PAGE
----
Takeaways from Satya Nadella's Hit Refresh

source: https://www.chapters.indigo.ca/en-ca/


Like many of you, I have used Microsoft’s products for a long time. Windows was the first operating system I used. I myself started using Windows even before I knew what operating systems were. Microsoft Word, Excel and Powerpoint were the first few applications I learned to use as part of my computer literacy. Similarly MSN (those of you who still remember it) and hotmail were the first chat and email accounts I used.

However, a few years ago after numerous bad experiences with Windows Operating Systems (OS) including the infamous Windows Vista and my increasing admiration of Apple products, like the iPhone and iPod, I finally bought a Macbook Pro. Consequently I started using Apple’s productivity suite of Pages, Numbers and Keynote for my personal use. However, I still continued to rely on Windows OS and Microsoft Applications at work. This is because most of the companies I worked for continued to rely heavily on Microsoft products. Thus I continued to use Microsoft products.

But recently with the introduction of Onedrive and Office 365 I find myself re-engaging with Microsoft’s products again for my personal use and even considering purchasing a Microsoft Surface as my next personal computer. In the news, I have read a lot about Microsoft’s resurgence as their stocks soared and they reached the coveted one trillion market cap.

This motivated me to read the book, Hit Refresh by Satya Nadella, the current CEO of Microsoft. I wanted to learn more about the story behind Microsoft’s resurgence under Satya Nadella’s leadership. I just finished the book and I wanted to share three takeaways from the book.

1. Impermanence
I first came across this concept of impermanence in meditation while using the popular app called Headspace. There was an entire session dedicated to impermanence. Impermanence refers to the idea that “things change” and “nothing is permanent”. This can be tied with both success and failure. Satya Nadella used impermanence to highlight the fact that as individuals and leaders we should acknowledge the concept of impermanence in our lives. We should use our understanding of impermanence to stay humble when we acquire success and stay strong when we encounter failures. We should also use impermanence to resist our fear of failures and try new things. He reinforces that like everything else in nature failures doesn’t last and we can learn a lot from our failures. I felt he wanted to imply that this extends to an organization like Microsoft as well and I felt his belief in impermanence is ingrained in numerous strategies he discussed in the book. This included his strategies of inviting customers to Microsoft’s Executive Team retreats and showcasing Microsoft products in Apple events ( you can see the video here).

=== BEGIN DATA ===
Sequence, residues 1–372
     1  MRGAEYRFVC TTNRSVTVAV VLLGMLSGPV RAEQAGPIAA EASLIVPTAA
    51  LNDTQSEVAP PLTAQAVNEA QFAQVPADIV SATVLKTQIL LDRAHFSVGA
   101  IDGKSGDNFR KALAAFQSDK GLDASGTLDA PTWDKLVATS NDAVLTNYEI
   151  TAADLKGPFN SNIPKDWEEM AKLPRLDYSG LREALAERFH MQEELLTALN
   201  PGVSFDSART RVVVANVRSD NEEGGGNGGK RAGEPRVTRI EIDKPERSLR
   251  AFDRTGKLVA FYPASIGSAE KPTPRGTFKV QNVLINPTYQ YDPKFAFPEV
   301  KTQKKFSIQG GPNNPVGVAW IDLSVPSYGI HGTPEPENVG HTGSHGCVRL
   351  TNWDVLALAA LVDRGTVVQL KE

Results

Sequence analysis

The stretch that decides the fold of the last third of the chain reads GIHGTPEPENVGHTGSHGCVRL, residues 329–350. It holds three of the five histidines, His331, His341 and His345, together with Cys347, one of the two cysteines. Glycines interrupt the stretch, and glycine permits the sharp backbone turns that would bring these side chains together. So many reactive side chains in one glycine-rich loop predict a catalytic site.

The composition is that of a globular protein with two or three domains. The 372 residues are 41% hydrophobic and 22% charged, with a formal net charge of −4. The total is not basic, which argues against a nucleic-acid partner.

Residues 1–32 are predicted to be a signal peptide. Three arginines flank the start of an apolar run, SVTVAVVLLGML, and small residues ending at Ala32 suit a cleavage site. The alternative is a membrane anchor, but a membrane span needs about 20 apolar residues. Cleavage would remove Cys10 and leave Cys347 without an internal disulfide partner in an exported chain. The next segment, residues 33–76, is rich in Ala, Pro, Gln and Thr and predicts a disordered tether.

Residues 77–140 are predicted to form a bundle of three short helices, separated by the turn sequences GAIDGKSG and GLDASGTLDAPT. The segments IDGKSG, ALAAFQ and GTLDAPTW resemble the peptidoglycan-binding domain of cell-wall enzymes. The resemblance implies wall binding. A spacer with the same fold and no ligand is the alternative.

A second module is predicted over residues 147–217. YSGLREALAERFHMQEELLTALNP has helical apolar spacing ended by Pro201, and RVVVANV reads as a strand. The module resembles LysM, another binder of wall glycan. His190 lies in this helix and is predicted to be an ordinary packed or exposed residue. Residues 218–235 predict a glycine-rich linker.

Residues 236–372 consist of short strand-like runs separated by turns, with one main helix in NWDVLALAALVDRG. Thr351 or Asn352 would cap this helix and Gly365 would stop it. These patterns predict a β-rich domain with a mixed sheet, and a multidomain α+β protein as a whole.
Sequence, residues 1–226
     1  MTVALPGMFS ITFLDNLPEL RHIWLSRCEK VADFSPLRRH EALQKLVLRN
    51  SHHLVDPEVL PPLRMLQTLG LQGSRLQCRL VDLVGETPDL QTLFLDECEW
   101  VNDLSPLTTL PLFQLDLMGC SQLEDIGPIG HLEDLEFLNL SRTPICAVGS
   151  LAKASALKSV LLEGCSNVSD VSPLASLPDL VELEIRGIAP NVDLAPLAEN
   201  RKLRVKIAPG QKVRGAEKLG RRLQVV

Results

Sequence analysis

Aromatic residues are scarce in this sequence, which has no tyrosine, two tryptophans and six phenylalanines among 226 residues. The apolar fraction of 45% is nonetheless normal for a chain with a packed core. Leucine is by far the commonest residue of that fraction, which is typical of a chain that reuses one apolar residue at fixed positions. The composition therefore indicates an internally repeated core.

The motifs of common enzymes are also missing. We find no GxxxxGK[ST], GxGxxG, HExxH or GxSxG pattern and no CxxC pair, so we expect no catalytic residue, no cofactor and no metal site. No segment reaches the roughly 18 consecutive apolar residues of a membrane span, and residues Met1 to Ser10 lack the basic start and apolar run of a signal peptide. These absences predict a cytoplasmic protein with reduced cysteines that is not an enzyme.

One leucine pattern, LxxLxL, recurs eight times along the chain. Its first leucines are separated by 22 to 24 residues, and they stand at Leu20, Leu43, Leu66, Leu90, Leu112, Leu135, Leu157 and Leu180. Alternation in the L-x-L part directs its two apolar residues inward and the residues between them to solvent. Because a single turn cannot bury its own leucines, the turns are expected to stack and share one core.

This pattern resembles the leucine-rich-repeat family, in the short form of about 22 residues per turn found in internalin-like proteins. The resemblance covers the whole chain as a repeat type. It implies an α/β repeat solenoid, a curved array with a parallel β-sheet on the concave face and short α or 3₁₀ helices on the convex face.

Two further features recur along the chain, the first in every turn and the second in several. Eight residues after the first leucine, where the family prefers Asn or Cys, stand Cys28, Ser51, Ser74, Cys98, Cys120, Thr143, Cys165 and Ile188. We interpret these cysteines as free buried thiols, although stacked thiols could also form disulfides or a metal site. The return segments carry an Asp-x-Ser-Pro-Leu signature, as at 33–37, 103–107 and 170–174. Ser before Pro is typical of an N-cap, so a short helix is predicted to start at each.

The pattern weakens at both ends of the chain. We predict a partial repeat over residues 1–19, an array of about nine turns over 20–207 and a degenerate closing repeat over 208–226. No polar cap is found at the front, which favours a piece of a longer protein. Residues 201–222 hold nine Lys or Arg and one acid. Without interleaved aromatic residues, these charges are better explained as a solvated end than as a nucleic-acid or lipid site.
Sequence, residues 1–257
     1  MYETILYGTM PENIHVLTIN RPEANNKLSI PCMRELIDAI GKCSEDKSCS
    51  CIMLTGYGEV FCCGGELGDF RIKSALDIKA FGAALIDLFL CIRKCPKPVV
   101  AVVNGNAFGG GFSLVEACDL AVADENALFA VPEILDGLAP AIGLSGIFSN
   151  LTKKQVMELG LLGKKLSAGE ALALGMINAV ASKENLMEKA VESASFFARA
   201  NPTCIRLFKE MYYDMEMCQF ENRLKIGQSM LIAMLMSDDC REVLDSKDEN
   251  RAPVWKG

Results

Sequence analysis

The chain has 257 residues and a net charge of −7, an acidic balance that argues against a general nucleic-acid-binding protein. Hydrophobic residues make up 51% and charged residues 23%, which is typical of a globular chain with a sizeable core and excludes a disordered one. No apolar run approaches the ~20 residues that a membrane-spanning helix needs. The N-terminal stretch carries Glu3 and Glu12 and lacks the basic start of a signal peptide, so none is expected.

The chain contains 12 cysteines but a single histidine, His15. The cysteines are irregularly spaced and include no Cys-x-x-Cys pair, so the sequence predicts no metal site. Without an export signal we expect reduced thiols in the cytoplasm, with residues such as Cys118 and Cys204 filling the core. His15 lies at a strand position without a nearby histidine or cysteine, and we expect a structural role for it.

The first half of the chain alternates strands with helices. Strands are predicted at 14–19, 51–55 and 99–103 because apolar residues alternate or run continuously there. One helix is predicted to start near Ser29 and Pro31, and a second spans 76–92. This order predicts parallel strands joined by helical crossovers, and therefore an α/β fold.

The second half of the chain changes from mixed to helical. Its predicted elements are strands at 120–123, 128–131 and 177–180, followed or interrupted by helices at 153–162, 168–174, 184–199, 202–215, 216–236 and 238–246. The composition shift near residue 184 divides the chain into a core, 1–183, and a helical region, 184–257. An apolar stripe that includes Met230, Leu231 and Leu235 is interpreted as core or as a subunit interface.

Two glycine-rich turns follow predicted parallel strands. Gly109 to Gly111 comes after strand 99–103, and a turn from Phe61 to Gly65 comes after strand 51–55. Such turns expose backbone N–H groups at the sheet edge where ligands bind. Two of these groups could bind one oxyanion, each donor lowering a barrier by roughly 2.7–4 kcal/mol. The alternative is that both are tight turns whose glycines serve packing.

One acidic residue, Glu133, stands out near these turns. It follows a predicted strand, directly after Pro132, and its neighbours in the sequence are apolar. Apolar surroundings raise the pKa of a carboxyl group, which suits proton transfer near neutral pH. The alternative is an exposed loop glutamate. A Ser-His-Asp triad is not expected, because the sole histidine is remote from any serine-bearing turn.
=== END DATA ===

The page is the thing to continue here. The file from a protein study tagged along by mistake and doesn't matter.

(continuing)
2. The three C’s 
The three C’s stands for Concept, Capability and Culture. The three C’s is typically represented as three concentric circles with Concept at the centre, Capability as the second circle and Culture as the outermost circle. Satya Nadella used the concept of three Cs to describe the importance of Capability and most importantly Culture to implement a new Concept in an organization. He explained that his concept was to implement a cloud first strategy in Microsoft. However in order to successfully implement the concept he needed to ensure that Microsoft has the capability to execute the strategy and most importantly Microsoft had the culture to adopt the strategy. He emphasized that having the right culture is most important for successfully executing a strategy. I found this a timely lesson. Currently I am in a team which is trying to adopt Agile Software Development Process and the three Cs reminds me the importance of the capability of the team to adopt the new process and most importantly the culture of the team and stakeholders to ensure the adoption is successful.

3. Growth mindset 
For me, this is one of the key takeaways from the book. Satya Nadella reiterates the concept of Growth mindset throughout his book. I felt this is tied to the concept of impermanence i.e. things are constantly changing and as individuals and organizations we need to constantly grow to adapt to the ongoing changes. Satya Nadella discusses how he took initiatives like Microsoft Hackathon to instill the importance of Growth mindset within the organization.

In conclusion Microsoft products has been a constant presence in my life since my childhood and learning the story and concepts behind Microsoft’s resurgence over the last few years has been fascinating journey.

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